Sundays 8pm to 11pm on Radio 2

New Episodes at CBC Music

New Episodes at CBC Music

Need more Strombo Show? Head over to our page on CBC Music for new episodes, playlists and video extras.

CBC Music Past Shows



Video of the Day
30 Years Ago, Marc Garneau Was Chosen To Be The First Canadian In Space
March 14, 2014
submit to reddit

In 1983, 30 years before Chris Hadfield orbited the earth in the International Space Station, the newly established Canadian Astronaut Program put out a call for Canada's first spacemen and women. They received more than 4,000 applications, and after a thorough vetting, whittled them down to a corps of just six. And on March 14, 1984, the program announced which one would be the first Canadian to be launched into space: a 35-year-old Navy commander named Marc Garneau.

In this story from CBC's The Journal, a young Garneau talks about his motivations for going into space: "This isn't an ego trip on my part, getting a chance to fulfill my personal ambition of going into space. There's a sacred trust here."

It didn't take long for Garneau to make good on that sacred trust: just over 200 days later, on October 5, the shuttle Challenger blasted off from Florida's Kennedy Space Center with a crew of seven (the largest ever at the time), including Payload Specialist Marc Garneau (a payload specialist is usually a non-NASA astronaut assigned to help out with research on a mission). Here's a clip from The National on that day:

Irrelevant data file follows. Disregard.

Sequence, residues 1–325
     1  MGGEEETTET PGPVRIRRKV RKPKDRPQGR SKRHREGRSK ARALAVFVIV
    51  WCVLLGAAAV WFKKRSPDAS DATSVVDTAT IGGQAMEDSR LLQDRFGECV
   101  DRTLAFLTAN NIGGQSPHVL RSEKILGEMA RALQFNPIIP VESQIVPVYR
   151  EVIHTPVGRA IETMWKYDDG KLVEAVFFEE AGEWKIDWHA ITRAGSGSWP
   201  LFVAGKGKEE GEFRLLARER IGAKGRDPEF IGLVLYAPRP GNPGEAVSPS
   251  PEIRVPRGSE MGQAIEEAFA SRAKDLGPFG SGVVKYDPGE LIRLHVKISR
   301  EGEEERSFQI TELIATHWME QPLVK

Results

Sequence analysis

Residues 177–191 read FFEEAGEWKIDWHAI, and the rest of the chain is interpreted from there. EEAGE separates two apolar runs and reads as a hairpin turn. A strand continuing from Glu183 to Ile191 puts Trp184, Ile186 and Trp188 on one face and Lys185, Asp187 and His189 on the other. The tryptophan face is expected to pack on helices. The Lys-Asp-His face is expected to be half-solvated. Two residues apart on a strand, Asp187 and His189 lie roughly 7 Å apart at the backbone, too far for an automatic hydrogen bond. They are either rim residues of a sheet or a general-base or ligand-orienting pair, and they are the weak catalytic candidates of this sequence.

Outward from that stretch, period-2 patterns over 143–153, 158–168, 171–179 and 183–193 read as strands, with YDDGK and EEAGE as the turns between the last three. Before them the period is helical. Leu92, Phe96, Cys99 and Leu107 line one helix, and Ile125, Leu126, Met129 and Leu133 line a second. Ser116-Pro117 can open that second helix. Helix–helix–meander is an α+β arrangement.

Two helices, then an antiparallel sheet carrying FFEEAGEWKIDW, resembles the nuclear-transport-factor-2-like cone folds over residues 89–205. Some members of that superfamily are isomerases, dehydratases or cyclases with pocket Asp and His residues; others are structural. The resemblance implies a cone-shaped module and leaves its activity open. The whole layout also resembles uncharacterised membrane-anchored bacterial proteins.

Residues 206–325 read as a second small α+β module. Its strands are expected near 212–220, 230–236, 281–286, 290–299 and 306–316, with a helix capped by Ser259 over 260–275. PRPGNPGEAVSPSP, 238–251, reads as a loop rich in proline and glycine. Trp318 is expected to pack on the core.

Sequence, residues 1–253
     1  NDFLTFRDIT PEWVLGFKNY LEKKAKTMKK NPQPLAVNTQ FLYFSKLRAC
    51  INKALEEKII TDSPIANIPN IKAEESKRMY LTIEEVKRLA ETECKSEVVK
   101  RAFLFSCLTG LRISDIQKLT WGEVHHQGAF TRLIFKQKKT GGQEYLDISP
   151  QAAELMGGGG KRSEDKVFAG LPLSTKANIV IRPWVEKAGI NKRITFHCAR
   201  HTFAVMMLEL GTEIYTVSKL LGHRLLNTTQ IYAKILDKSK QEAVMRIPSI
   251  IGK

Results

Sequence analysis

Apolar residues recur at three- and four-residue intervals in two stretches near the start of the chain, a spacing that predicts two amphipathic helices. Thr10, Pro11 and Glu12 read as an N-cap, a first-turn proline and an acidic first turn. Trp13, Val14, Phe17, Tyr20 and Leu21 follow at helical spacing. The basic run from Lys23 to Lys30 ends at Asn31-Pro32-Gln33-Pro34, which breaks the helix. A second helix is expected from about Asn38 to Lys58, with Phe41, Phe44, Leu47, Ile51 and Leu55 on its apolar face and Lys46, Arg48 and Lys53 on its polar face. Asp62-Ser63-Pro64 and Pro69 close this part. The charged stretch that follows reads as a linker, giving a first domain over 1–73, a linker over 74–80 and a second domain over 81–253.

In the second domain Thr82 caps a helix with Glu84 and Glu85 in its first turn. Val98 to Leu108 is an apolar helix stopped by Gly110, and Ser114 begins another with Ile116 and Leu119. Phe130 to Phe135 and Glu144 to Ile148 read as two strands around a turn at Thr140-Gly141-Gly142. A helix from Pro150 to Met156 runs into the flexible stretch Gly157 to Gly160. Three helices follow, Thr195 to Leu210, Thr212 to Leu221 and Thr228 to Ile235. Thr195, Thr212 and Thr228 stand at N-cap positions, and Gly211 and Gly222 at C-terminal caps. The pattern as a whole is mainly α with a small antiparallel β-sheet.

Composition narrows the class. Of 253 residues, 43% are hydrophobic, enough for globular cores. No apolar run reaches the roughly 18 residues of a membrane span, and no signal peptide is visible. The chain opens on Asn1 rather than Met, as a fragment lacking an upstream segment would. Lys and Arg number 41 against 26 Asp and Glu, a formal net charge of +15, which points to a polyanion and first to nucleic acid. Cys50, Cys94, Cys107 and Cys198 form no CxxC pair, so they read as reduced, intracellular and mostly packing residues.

Among Garneau's duties aboard Challenger during that mission were a series of 10 experiments in space technology and life sciences, including investigations into human adaptation to space flight. In this video from October 9, a somewhat giddy Garneau talks about the wonder of seeing his country from space.

Garneau would return to space twice, in 1996 and 2000 — and in 2001 he took over the Canadian Space Agency as president. In 2008, after an unsuccessful run two years earlier, he was elected as a Liberal MP for the riding of Westmount—Ville-Marie, which he remains to this day. 

In this radio interview on Sounds Like Canada in 2004, Garneau looked back with Shelagh Rogers on his extraordinary career in space.


To encourage thoughtful and respectful conversations, first and last names will appear with each submission to CBC/Radio-Canada's online communities (except in children and youth-oriented communities). Pseudonyms will no longer be permitted.

By submitting a comment, you accept that CBC has the right to reproduce and publish that comment in whole or in part, in any manner CBC chooses. Please note that CBC does not endorse the opinions expressed in comments. Comments on this story are moderated according to our Submission Guidelines. Comments are welcome while open. We reserve the right to close comments at any time.

Submission Policy

Note: The CBC does not necessarily endorse any of the views posted. By submitting your comments, you acknowledge that CBC has the right to reproduce, broadcast and publicize those comments or any part thereof in any manner whatsoever. Please note that comments are moderated and published according to our submission guidelines.